Learning to Cope With the Suicide of a Loved One

Alice Wisler
Suicide poses many questions.

Dealing with the suicide of a loved one is one of the most complex and troublesome experiences you may ever have to face. When any family member or friend whom we love dies, questions are posed; when one deliberately takes his or her own life, the questions are insurmountable.

Why Suicide?

Statistics show that in the United States, 30,000 people die each year by suicide by means of:

  • Overdose of prescribed or over-the-counter medication or sleeping pills
  • Gun shot
  • Hanging
  • Asphyxiation, breathing in carbon monoxide
  • Jumping off tall buildings
  • Slitting wrists
  • Jumping in front of fast-moving vehicles

Suicide, Depression and Mental Illness

According to the non-profit organization Suicide.org, the leading cause of suicide is due to untreated depression. Those suffering mental illness are also at a higher risk for taking their own lives. About 25 percent to 50 percent of bipolar patients will attempt suicide. Postpartum depression also poses a risk for suicide. Many mothers with newborns are overworked and lacking sleep. The feelings of slipping down a large hole and never getting out produce much fear and the line between what is real and what is not becomes blurred.

Society and Suicide

Often families of suicide victims feel stigmatized or cast out by the rest of society. In Europe during the 18th century, when one took his own life, his body was dragged through the streets. He was not given a proper burial and his family was forced to leave their home. The family was often ridiculed, blamed and shunned by the rest of the community.

When Your Loved One Dies by Suicide

If you find yourself dealing with the suicide of a loved one, know that some of your feelings may include:

  • Remorse
  • Blaming self
  • Anger toward self and toward the person who died
  • Guilt
  • Lack of control
  • Shame
  • Feeling rejected by friends
  • Fear
  • Hostility and frustration toward friends, family and self for not preventing the suicide

You must know that over time, you will realize that it was not your fault that your loved one made the decision to take his life. Read accounts of others who have lost a loved one in the same manner which you have to understand that life can go on for you. Join a suicide survivor's group so that you can receive the support you need.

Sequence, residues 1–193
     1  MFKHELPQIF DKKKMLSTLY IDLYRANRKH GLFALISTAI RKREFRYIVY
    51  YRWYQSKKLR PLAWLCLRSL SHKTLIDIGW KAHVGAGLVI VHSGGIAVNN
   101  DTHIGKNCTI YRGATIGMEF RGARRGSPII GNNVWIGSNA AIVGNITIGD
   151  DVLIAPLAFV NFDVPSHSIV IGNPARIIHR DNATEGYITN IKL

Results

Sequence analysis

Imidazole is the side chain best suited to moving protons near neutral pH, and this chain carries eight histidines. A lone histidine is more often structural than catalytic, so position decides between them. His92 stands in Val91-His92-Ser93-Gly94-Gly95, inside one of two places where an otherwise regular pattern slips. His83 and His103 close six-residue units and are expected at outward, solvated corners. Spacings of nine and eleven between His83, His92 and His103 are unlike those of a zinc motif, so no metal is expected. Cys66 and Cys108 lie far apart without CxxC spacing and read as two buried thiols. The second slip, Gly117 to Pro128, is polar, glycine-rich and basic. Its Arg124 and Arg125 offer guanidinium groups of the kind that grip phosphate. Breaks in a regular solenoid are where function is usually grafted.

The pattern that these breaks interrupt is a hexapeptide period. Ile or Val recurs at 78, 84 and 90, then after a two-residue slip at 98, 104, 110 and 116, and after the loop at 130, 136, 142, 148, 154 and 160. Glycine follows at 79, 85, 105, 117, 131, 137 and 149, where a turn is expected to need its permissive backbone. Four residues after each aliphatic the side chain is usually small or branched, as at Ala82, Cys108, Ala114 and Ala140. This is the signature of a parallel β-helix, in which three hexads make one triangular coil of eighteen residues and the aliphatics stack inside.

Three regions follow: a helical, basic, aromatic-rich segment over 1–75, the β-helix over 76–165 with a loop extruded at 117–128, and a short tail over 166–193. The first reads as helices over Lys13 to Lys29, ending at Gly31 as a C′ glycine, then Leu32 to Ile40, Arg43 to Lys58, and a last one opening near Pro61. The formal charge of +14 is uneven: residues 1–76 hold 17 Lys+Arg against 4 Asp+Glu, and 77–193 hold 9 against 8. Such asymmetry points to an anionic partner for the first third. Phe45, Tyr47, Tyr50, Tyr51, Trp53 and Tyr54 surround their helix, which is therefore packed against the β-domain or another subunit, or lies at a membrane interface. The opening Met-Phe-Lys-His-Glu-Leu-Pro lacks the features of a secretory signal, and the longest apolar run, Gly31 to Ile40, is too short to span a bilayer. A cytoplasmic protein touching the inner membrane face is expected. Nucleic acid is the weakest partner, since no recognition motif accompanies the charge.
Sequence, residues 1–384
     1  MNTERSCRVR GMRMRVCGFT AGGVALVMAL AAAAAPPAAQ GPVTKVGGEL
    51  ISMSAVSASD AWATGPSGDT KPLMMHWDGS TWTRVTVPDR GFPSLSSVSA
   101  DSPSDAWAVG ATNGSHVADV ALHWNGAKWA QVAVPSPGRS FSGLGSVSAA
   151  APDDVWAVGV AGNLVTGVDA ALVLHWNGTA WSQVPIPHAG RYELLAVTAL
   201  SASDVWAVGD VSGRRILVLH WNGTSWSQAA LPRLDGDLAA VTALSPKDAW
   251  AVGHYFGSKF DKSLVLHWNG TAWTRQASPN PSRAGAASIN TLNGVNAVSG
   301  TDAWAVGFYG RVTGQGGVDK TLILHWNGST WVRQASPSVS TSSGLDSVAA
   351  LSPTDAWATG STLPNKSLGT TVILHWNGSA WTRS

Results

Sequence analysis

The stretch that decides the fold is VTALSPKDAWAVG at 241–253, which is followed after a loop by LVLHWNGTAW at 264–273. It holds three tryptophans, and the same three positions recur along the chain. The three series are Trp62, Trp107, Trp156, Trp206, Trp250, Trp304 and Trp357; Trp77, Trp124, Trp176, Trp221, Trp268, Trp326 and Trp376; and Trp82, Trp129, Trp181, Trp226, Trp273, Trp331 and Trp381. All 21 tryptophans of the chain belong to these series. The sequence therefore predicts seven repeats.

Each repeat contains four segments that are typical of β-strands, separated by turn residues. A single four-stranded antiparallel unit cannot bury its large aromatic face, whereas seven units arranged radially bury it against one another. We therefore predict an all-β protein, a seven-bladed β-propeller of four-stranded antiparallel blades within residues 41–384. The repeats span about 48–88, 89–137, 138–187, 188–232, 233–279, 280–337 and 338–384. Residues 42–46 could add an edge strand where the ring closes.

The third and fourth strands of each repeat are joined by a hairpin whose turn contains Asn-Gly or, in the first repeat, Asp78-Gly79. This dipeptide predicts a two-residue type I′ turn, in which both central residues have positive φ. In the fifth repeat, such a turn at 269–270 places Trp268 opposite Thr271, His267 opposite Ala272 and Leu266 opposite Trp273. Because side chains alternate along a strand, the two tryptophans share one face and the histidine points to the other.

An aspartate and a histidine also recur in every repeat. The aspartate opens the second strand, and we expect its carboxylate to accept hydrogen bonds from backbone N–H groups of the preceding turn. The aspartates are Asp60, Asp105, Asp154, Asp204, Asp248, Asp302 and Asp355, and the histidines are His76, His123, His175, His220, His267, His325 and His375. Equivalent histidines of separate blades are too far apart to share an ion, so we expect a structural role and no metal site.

When a Friend's Loved One Dies by Suicide

If your friend has lost a loved one by suicide, be a support to that person during this period of intense grief. The ways you can help your friend include:

  • Listening
  • Letting her talk about the death
  • Refusing to be judgmental
  • Offering to get her help via a support group
  • Paying tribute in memory of her loved one who died
  • Showing that you value her friendship and her as a person
  • Providing helpful literature and resources for her to read

When a Child Dies by Suicide

All parents feel guilt when their child dies, thinking they could have done something to prevent the death. Studies show that the parents of a child who died by suicide experience a higher degree of guilt because they feel they could have prevented the death had they been more aware of the psychological problems or clinical depression that led to the suicide. They feel they could have intervened and kept the child from taking his own life. Dealing with the suicide of a loved one is complicated, but when a child takes his own life, parents and society grieve more intensely at the loss of one so young.The reasons that cause many teens to contemplate suicide include:

  • Lack of friends
  • Struggles over self-worth
  • Feeling misunderstood
  • Poor grades
  • Break-up with a boyfriend or girlfriend
  • Bullying by peers or classmates
  • Difficult home life due to parents' divorce and/or continual arguing
  • Questions regarding sexual orientation

Suicide Prevention Programs

Substance abuse, whether it be in the form of drugs or alcohol, can trigger one to kill oneself. Teens, who drink heavily or take drugs, are at a greater risk. Every school needs to have a suicide prevention program. Children, especially teens, need to have access to a phone number so that they can contract someone who can help when they feel overwhelmed and are contemplating suicide. 911 may always be called when a person feels he is suicidal.

Resources to Help

Learning to Cope With the Suicide of a Loved One